Wednesday, October 07, 2009

A tutorial of sorts...

I was asked some time back if I'd do a tutorial of how I make my envelopes - so here it is - the photography isn't the best as I grabbed the shots haphazardly as I made a pair of envelopes. As always I had to steal some time to get these done but get them done I had to do, as they were for a couple of my customers. I like to do a little mail art when I need to send a customer an un-mounted rubber stamp that went missing from their order - kind of a little "sorry for my error" stamped apology. The 1st 2 photos above show where I cut the paper from, it's approx. 1/4 inch larger than the envelope all around. I find it's much easier to start a project with a piece of patterned paper rather than blank white. I'm using some of the paper I carry at MadRatRubber but you can always create your own patterned paper by starting with a sheet of colored paper & adding visual texture by stamping a pattern with a coordinating ink color.
Since I'd already decided to use the Running Skeleton, I stamped it out in black ink. But before I put stamp to paper I drew an outline of the envelope on some scrap paper & stamped them out to make sure they would fit. It's one of the great things about stamping - the ability to create several rough drafts of a project before using up the "good stuff". In a relatively short period of time you can try several variations on a layout & decide which you like best.
This is my preliminary layout, the Running Skeleton's upraised fists suggest he should be holding something so I stamped the Checked Frame on a piece of green paper, I wanted the other 2 to also be waving or carrying something so I found 2 stickers - the left one says "been there" and the right one say "done that" I'd draw in a pole or string to connect the sayings to the skeletons hands later. For the other variation I have the skeletons waving postage stamps. The blue paper was actually a scrap left over from a previous project & when I laid it down on the paper I decided it looked like an awning. I added stripes to add to the illusion.
The stamp used for the stripe is from my Flower Set, I used blue ink for the stripes & to distress the edges a bit. Since I was making 2 similar envelopes I made 2 of the awnings. The second version of the envelope had less pattern in the paper so I decided to add a bit more using my Primitive Pattern stamp & a darker but coordinating ink color. I'd already stamped the skeletons so I made 3 masks, which is basically stamping the image 3 separate times on scrap paper & carefully trimming out the images. Using removable tape attach the masks to the stamped images matching them up very carefully. Be sure to put the tape where it won't interfere with the image to be stamped on top or you'll end up with a portion that doesn't get covered. The image below shows the masks on the left & right skeleton. Before attaching the address block & the awning I decided to try and add a little depth at the bottom of the awning so I used a little black pastel to darken the space below the curves. When I finished with all the stamping, I used 77 spray glue on the front of the envelope and stuck the envelope to the back of the stamped paper. I then laid it face down & trimmed off the excess paper (being very careful not to cut into the envelope itself)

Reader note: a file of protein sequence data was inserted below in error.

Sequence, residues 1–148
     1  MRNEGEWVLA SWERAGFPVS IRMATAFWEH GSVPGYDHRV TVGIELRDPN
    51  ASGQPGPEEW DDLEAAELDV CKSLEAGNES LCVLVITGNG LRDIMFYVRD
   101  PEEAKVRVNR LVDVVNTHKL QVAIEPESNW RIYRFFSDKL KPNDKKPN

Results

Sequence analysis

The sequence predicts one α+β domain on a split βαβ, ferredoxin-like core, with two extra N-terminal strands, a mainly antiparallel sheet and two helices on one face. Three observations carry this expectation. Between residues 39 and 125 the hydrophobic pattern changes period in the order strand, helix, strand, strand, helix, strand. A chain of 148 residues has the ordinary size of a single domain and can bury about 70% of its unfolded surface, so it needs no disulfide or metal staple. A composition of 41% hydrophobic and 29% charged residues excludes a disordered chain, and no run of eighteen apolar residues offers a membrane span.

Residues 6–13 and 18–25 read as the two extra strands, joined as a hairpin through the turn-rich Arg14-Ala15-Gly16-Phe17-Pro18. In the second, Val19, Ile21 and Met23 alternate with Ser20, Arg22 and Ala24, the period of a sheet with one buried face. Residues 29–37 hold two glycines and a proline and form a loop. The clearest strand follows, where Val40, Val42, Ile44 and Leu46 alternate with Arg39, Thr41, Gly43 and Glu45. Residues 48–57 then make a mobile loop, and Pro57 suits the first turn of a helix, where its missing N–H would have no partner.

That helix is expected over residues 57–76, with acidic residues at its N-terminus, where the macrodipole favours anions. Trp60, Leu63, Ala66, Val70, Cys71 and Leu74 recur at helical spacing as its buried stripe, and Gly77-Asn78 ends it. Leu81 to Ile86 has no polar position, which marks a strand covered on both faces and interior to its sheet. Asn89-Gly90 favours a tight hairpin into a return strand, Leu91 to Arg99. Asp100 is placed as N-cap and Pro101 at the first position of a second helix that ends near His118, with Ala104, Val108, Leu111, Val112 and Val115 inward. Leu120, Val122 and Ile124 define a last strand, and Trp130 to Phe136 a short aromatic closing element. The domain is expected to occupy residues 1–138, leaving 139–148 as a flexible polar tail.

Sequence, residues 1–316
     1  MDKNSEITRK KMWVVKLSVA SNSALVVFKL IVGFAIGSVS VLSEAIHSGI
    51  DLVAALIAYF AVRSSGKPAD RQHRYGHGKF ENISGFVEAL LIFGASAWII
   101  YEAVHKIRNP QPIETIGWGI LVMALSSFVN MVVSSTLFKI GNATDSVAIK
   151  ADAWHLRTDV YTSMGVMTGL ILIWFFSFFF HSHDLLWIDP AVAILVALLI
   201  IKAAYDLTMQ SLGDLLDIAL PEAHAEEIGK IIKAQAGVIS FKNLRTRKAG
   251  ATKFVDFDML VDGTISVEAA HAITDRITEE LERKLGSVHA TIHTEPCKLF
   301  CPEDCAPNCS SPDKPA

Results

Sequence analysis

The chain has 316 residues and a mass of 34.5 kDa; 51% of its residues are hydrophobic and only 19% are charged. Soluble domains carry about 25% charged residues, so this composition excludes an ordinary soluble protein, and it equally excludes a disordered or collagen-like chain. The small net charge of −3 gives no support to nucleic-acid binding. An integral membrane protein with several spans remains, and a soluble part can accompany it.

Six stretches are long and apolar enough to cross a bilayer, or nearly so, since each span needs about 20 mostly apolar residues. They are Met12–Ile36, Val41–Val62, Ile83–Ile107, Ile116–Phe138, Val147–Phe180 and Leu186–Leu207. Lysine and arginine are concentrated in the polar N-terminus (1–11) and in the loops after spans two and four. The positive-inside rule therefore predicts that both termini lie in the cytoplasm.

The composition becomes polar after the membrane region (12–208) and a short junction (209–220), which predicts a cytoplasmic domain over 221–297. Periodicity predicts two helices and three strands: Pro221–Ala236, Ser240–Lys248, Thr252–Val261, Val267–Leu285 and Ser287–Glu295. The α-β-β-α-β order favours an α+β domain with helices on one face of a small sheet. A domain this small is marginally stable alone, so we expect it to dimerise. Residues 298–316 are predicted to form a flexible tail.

The awning & address block are attached with Xyron adhesive. I recently discovered Xyron for myself, I'd seen & heard about it but finally bought the small "X" shaped label maker & played around with it to see how it worked. It comes in 2 parts - the bottom or white strip has the adhesive on it & the clear top (which is very thin plastic) is the receiving surface for the adhesive. The "machine" or holder dealy doesn't have to be used - for these 2 pieces, I pulled out enough of the white adhesive paper & tacked it to my work table, (sticky side up) stuck the paper to it than laid the clear stuff on top. The clear stuff adheres to any exposed adhesive & removes it from the white backing board. The adhesive is now only on the back of the paper. You then peel the paper off the backing & stick it in place. Very cool! Nothing I've seen on youtube or the product info explained how this actually worked. Now that I know, I'll get the 5" wide stuff but will only buy the adhesive cartridge, less waste & more control in my book.
The envelope above has the drawn in strings & the 2 stickers I mentioned earlier. I also added the little star pattern to both envelopes.The last 2 photos are of the finished envelopes with postage & addresses (though I obscured the addresses) They both received their envelopes without any problems. I usually mail them in a clear outer envelope just to protect them from mishap but I do attach the postage stamps to the envelopes themselves & have them hand canceled at the post office.

I hope this inspires you to make some mail art - birthdays & the holidays are a perfect time to send a little creative greeting through the mail!

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